Upgrading SBS 2003 to Windows Server 2003 Standard/Ent.

Discussion in 'Windows Small Business Server' started by S H A R I Q U E, Aug 1, 2008.

  1. i want to upgrade my SBS 2003 Prem. Edition to Windows Server 2003
    Standard/Ent. Edition without loosing domain. I am running to Exchange server
    on SBS. I have heared a SBS migration kit performing these steps easily. i
    have thoroughly technet site but didnt find any SBS migration kit or SBS
    migration article.

    S H A R I Q U E, Aug 1, 2008
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  2. Not sure I'd call that an upgrade, but regardless - you have two choices - a
    Transition Pack, which will convert the existing to Windows Server 2003
    Standard Edition with no limitations plus Exchange Server 2003 Standard
    Edition. Plus your Premium components are unlocked as well. You'll need the
    Premium Transition Pack appropriate to your version (SP1 or R2), and the
    same number of CALs you currently have.

    The "migration" you're referring to is probably Swing Migration
    (www.sbsmigration.com) - that's a solution, assuming you want to lose your
    investment in SBS and buy full, new, copies of Windows Server and Exchange,
    along with your CALs.
    Charlie Russel - MVP, Aug 1, 2008
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  3. which option is better choice..Swing migration or Transition Pack..can i save
    domain using both strategies....
    what is the cost associated with transition pack suppose that i have 100 CAL
    requirements, that is, difference of 25 users from SBS users.
    i assume that using Swing migration i dont need to pay for Transition Pack
    or purchase transition pack either.
    furthermore, i have yet to find any technet resource regarding migrating SBS
    2003 to Windows Server 2003 Standard/Ent. Edition ....
    or if you have any detailed documentation for Swing Migration or transition
    S H A R I Q U E, Aug 1, 2008
  4. for the sake of clarity can you go a bit deeper....as to HOWs of
    i have managed to grasp following ideas from your reply.
    is it possible that i install Windows Server 20003 Stndrd/Ent. on separate
    machine make it ADC of SBS...then replicate AD schema and
    attributes...transfer FSMO roles to new server and decommision old one.

    i would appreciate your clarity in your reply.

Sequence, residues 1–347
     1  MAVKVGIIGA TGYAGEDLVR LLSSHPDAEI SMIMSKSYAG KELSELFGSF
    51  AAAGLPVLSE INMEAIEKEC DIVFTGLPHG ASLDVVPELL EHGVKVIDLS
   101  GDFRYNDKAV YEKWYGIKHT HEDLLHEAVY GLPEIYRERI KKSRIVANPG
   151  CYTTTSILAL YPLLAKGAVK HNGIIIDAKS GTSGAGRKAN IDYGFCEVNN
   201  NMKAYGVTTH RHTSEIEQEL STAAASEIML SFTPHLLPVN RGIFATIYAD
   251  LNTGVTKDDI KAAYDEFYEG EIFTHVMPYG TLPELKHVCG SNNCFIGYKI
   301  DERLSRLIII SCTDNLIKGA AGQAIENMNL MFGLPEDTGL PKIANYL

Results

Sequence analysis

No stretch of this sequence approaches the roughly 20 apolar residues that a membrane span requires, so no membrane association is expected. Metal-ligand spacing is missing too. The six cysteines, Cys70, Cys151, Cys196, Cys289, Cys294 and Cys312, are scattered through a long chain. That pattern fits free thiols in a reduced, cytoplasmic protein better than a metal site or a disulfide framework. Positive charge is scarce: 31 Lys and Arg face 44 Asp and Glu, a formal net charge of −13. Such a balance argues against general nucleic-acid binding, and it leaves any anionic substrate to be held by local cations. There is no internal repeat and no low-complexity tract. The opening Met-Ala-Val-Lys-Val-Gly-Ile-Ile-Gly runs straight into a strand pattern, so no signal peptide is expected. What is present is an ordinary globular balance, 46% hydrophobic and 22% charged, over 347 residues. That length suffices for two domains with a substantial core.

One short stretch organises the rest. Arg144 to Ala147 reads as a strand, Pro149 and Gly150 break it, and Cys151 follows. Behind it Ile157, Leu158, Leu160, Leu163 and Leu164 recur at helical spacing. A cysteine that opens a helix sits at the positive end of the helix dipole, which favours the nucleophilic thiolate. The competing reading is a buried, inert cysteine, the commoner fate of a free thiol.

is this what initial process ????
    S H A R I Q U E, Aug 1, 2008
  5. The Swing IT method is fundamentally based on retaining the origin server(s)
    'as is' for business continuance. In a 'pure' swing the only change to the
    origin AD is the addition of a DC, the 'swing server'.

    The swing server is then taken offline (after replicating the AD) while the
    FSMO roles remain with the origin server(s). You then 'seize', rather than
    transfer, the FSMO roles on the swing server while it is disconnected from
    the origin AD. At this time the additional DC (swing server) can be removed
    from the origin AD and the origin is back to a pre-swing condition. (nobody
    ['cept me, maybe] normally bothers to do this. The presumption is that the
    origin AD is going to, eventually, be discarded. Who cares if it has an
    orphan DC?)

    At this time you have one DC (the swing server) containing a copy of your AD
    and you clean that copy up (I would remove any additional DCs from the AD
    copy but you might want to run that idea past Jeff, I don't always follow
    the procedure to his letter), including any references to Exchange.

    At this point you can shut down all existing DC's in the origin AD and put
    the swing server online but here comes the 1st mention of SBS (you will note
    that until now I have not mentioned SBS, the swing process is 'designed for'
    but not 'limited to' SBS). _Normally_ you would build your SBS at this point
    using Jeff's version of 'Adding SBS to an existing AD', which is only
    slightly different to the MS way of doing same. Machines and Users can
    hardly tell the migration has happened because of the process. Most
    'swingers' do not put the swing server online, only the eventual SBS.

    In an SBS to SBS swing, and assuming you are using Exchange, you have
    additional tasks about copying DATA and 'forklifting' the Exchange stores.
    This is _basically_ the only 'down time' for users.

    in non-SBS to SBS, SBS to non-SBS, non-SBS to non-SBS, or multiple DC swings
    there are other points to consider and these will likely contribute to
    further down time. eg. in a multiple DC swing I would DCPromo all origin
    servers that are to be retained in the swung domain out of DC roles while
    connected to the origin AD and back to DC roles after the swing.
    SuperGumby [SBS MVP], Aug 1, 2008
  6. I don't have costs - you should do your own calculations. Both methods will
    retain your domain.

    The Swing Migration is quite reasonable (but includes no CAL or license
    conversions), and will do what you want. You'll be on your own for CALs -
    it's simply a set of tools, documentation and support for migration to/from
    SBS. It won't affect your existing license - you'd need to purchase new
    licenses for Server, Exchange, CALs and any others you're using. See the
    sbsmigration web site for details. Even though it's primarily designed to
    migrate from one version of SBS to another version of SBS, it can certainly
    be used for what you want.

    Transition pack will convert your existing licenses into full product
    licenses, and remove the single domain/no trust limitation os SBS. You
    purchase CALs to match your existing CALs, and if you need additional beyond
    the current CAL level, you purchase those separately as normal product CALs.
    Charlie Russel - MVP, Aug 1, 2008
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